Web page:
“Supported Employment is support for persons with disabilities and other disadvantaged groups
in finding and maintaining paid employment in the open labour market”

(European Union of Supported Employment, 2005)

Supported Employment first appeared in North America in the 1970 and later gained popularity in Europe at the end of the 1980s.

Supported Employment is a method of supporting persons with disabilities and other disadvantaged groups. The aim of support activities is to assist the persons in finding and maintaining paid employment in the open labour market

There are many definitions of Supported Employment, but even though there are slight differences between them, the three fundamental elements of SE are the same in all definitions:

  • employment with remuneration that reflects the effort on the job;
  • employment in the open labour market, where disabled persons are treated as other able-bodied peers employed on the same position, with the same level of remuneration and the same employment conditions;
  • on-going support–individual and needs-based, for both the employee and the employer.

Supported Employment has the following four fundamental values:

  1. Normalisation, i.e. enabling marginalised groups to enjoy equal rights and opportunities to live and develop. Normalisation is not about making people “normal” in the common meaning of the adjective – it’s rather about emphasizing that being different cannot be the reason for exclusion.
  2. Social Role Validation – means that the methods applied to support disadvantaged groups are natural and match the situations; they are also commonly used and compliant with the generally binding social standards.
  3. Inclusion– is more than merely integration. Inclusion is about refraining from dividing people into groups. It is about ensuring their full participation in every aspect of social life.
  4. Empowerment – is the most significant concept within Supported Employment. According to the concept, persons with disabilities ought to live in conditions which enable them to independently decide about their workplace, scope of tasks, working hours, social environment and types of support that they need.

Apart from the four core values of Supported Employment, there are also six guiding principles within the model:

  1. “Zero Rejection”– finding employment is possible for each person who actually wants to work, regardless of the type or degree of disability – if appropriate level of support is ensured.
  2. Success depends on delivering the right, personalised support in the right environment.
  3. Focus on ability and capacity – not on the person’s disability.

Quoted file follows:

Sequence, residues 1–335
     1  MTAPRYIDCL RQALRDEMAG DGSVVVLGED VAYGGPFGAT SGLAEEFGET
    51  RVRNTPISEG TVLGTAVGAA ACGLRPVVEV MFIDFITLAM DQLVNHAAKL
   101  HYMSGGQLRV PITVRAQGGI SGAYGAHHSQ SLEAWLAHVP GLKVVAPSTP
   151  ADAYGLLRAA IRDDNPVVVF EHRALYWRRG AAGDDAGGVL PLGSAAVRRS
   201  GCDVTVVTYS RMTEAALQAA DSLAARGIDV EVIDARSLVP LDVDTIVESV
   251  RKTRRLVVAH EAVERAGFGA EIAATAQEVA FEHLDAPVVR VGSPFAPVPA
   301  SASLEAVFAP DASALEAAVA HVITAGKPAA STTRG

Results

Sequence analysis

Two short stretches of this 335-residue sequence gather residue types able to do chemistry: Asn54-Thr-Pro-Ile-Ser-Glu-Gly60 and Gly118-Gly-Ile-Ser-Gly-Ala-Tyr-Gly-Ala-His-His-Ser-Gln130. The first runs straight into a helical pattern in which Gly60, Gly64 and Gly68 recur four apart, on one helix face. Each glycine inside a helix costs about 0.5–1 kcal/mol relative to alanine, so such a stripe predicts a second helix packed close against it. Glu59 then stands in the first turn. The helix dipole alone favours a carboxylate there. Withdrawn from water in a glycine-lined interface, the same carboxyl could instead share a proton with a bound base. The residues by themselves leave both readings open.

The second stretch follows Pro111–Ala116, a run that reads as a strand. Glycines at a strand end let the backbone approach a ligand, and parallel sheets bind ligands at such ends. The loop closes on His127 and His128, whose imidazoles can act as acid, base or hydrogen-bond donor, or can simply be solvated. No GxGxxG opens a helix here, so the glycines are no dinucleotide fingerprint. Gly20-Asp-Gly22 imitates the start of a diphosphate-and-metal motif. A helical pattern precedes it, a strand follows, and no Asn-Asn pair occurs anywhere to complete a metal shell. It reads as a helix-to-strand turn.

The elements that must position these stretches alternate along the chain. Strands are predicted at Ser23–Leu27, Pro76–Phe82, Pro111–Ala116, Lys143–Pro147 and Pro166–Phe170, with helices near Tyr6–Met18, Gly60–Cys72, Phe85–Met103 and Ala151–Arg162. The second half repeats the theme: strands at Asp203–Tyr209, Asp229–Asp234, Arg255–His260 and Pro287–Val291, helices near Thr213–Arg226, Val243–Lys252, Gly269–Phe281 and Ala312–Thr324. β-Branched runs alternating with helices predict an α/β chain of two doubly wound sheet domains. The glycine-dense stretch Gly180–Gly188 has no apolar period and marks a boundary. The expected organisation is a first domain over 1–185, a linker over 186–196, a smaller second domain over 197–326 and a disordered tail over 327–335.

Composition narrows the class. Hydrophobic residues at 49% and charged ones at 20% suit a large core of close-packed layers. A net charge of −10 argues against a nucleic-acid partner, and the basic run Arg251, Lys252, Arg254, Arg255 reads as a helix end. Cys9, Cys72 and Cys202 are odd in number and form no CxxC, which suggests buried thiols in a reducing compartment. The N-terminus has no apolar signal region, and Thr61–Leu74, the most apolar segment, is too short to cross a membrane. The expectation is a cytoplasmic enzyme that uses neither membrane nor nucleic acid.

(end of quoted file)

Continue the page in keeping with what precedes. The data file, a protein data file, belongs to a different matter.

4. Rejection of the “work readiness” concept, which goes against the guiding principles of Supported Employment i.e. placement, training and support in maintaining the job / further professional development:
  5. Real benefits and remuneration – according to this principle persons with disabilities should not only be remunerated as able bodies employees but they should also receive equal social benefits from the employer.
  6. Focus on the individual person – each individual is perceived as a unique person with his/her own skills, interests, life experiences.

The model process of Supported Employment is composed of five stages encompassing a wide spectrum of activities.

  • Stage 1 – Client Engagement – the activities undertaken at this stage are aimed at empowering the person to make an informed and preference-based decision to use or not to use Supported Employment services.
  • Stage 2 – Vocational profiling – this stage consists in person-centred activities aimed at collecting the information on the person’s aspirations, interests and skills. The entire process of profiling is controlled by the disabled person him- or herself. As a result of the process, a personal action plan is created.
  • Stage 3 – Job Finding–this state matches the disabled job seeker with his or her prospective employer. The aim here is to match the needs of the person to the needs of the employer. The activities at this stage consist in analysing the person’s skills in the context of the requirements set by the labour market.
  • Stage 4 – Employer Engagement– employers are equally important clients of Supported Employment services, on a par with persons with disabilities. At this stage we learn and understand the needs of the employer in order to match the skills of the disabled job seeker with the workplace.
  • Stage 5 – On/Off Job Support–Effective support on and off the job is the core element of Supported Employment which makes it different from traditional placement services. It is crucial for providing effective assistance in finding and maintaining employment in the open labour market.